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International and European Sports Law – Monthly Report – May 2017. By Tomáš Grell

Editor's note: This report compiles all relevant news, events and materials on International and European Sports Law based on the daily coverage provided on our twitter feed @Sportslaw_asser. You are invited to complete this survey via the comments section below, feel free to add links to important cases, documents and articles we might have overlooked.

The Headlines

The end of governance reforms at FIFA?

The main sports governance story that surfaced in the press (see here and here) during the last month is related to significant personal changes made by the FIFA Council within the organization’s institutional structure. In particular, the FIFA Council dismissed the heads of the investigatory (Mr Cornel Borbély) and adjudicatory (Mr Hans-Joachim Eckert) chambers of the Independent Ethics Committee, as well as the Head (Mr Miguel Maduro) of the Governance and Review Committee. The decision to remove Mr Maduro was taken arguably in response to his active role in barring Mr Vitaly Mutko, a Deputy Prime Minister of Russia, from sitting on the FIFA Council due to an imminent conflict of interests. These events constitute a major setback to governance reforms initiated by the football’s world governing body in 2015. For a more detailed insight into the governance reforms at FIFA, we invite you to read the recent blog written by our senior researcher Mr Antoine Duval.

The CAS award in Real Madrid CF v. FIFA

At the end of the month, the CAS finally published its award delivered in the arbitration procedure between the Spanish club Real Madrid CF and FIFA regarding the transfer of minor football players. Mr Michele Bernasconi, sitting as a Sole Arbitrator, partially upheld the appeal filed by Real Madrid CF against the decision rendered by the FIFA Appeal Committee on 8 April 2016. The Sole Arbitrator reduced the ban (registering new players both on a national and international level) imposed on the Spanish club by the FIFA Appeal Committee from two to one entire transfer period. Moreover, Real Madrid CF is now obliged to pay CHF 240,000 instead of the original fine amounting to CHF 360,000.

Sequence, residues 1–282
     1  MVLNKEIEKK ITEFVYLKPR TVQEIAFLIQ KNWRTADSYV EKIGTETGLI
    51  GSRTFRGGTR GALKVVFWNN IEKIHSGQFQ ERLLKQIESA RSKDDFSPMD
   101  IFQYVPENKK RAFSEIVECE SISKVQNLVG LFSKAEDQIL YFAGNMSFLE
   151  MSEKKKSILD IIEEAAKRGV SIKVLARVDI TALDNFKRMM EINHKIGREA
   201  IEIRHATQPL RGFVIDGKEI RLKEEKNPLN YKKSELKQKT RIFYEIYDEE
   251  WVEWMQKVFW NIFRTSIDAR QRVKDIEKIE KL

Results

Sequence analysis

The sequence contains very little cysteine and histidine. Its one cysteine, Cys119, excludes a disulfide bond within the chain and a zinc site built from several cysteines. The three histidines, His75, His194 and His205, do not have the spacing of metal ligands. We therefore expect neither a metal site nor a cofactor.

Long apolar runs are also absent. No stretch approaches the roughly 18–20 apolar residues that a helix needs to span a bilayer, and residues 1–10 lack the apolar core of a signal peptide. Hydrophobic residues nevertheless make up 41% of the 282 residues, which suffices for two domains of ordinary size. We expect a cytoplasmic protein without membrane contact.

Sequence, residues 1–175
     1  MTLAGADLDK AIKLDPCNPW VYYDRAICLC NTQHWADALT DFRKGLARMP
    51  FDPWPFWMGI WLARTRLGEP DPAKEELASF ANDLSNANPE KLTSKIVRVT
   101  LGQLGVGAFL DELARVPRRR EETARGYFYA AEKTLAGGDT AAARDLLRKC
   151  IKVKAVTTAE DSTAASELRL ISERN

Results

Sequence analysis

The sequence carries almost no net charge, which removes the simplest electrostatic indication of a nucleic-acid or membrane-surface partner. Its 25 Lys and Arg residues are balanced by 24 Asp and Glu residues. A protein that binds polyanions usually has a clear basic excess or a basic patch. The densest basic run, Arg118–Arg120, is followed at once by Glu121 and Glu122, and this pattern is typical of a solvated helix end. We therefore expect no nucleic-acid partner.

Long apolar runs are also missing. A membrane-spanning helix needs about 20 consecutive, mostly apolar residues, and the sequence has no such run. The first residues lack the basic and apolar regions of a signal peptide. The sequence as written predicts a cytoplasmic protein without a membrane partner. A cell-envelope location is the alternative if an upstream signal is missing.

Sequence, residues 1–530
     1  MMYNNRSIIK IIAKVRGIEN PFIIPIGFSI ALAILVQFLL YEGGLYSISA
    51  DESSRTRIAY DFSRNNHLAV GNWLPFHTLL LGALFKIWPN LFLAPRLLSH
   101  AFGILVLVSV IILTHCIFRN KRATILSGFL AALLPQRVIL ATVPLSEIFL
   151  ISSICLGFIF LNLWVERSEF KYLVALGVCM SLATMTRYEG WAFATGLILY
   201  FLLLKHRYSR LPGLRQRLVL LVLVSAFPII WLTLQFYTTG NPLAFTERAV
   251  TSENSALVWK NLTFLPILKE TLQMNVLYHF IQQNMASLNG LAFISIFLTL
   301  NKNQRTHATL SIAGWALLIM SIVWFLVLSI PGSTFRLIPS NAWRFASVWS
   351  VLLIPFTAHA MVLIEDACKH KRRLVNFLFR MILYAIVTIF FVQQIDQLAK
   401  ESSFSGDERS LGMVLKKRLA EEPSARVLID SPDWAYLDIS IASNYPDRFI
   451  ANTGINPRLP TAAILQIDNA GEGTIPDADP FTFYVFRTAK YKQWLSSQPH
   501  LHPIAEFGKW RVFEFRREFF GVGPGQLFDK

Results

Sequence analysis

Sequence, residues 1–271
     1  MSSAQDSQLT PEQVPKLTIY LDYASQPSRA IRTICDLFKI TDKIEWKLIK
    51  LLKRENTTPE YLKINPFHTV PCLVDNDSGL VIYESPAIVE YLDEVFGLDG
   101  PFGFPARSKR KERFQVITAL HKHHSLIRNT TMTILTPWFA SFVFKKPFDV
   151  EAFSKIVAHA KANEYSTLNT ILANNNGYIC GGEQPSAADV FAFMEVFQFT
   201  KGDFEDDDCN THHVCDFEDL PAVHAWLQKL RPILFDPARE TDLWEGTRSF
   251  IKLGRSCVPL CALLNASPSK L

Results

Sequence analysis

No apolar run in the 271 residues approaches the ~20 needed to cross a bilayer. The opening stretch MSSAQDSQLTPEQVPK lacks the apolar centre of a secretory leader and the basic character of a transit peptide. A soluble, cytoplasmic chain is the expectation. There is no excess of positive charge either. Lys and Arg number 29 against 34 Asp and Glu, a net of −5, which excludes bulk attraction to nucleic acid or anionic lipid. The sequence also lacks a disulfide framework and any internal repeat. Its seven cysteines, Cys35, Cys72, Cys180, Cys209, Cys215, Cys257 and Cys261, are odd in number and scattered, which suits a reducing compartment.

UEFA incorporates human rights and anti-corruption criteria into bidding requirements

UEFA has recently made available the Bid Dossier Template for the 2024 European Championship that will be held either in Germany or Turkey. Amongst other things, the two remaining candidates shall describe in their bid dossiers a global strategy for integrating the United Nations Guiding Principles on Business and Human Rights in order to protect, respect and fulfil universal human rights, including child rights and the rights of workers. On this occasion, UEFA President Mr Aleksander Čeferin stated that ‘it was imperative […] to introduce specific articles on the respect and protection of human rights in the bidding requirements for all our competitions.’ By incorporating human rights criteria into bidding requirements, UEFA joins the International Olympic Committee and FIFA in their efforts to tackle human rights abuses associated with mega sporting events.

The return of Claudia Pechstein: Bundesverfassungsgericht edition

Claudia Pechstein is back! For those who have already forgotten the case, this is a dispute involving a German Speed Skater and Olympic gold medallist challenging the validity of a CAS award imposing a doping ban (for greater detail see our previous blogs here and here, and the article by Antoine Duval and Ben van Rompuy). Nothing less than the survival of the CAS, at least as we know it, is at stake. While Claudia Pechstein lost in front of the Bundesgerichtshof, the decision was harshly criticized (here and here) and she decided to challenge the ruling in front of the German Bundesverfassungsgericht (constitutional court). Since last month, we know that the Bundesverfassungsgericht will hear and decide the claim, this as such is already a sign that the judges deem the case worthy of consideration and should be cause for concern for those wishing to keep the CAS as it currently is. The silver lining for CAS might be in the Bundesverfassungsgericht’s Solange jurisprudence, which could find a new expression in this peculiar context (as suggested here), it would preserve the CAS’s existence while forcing it to change.

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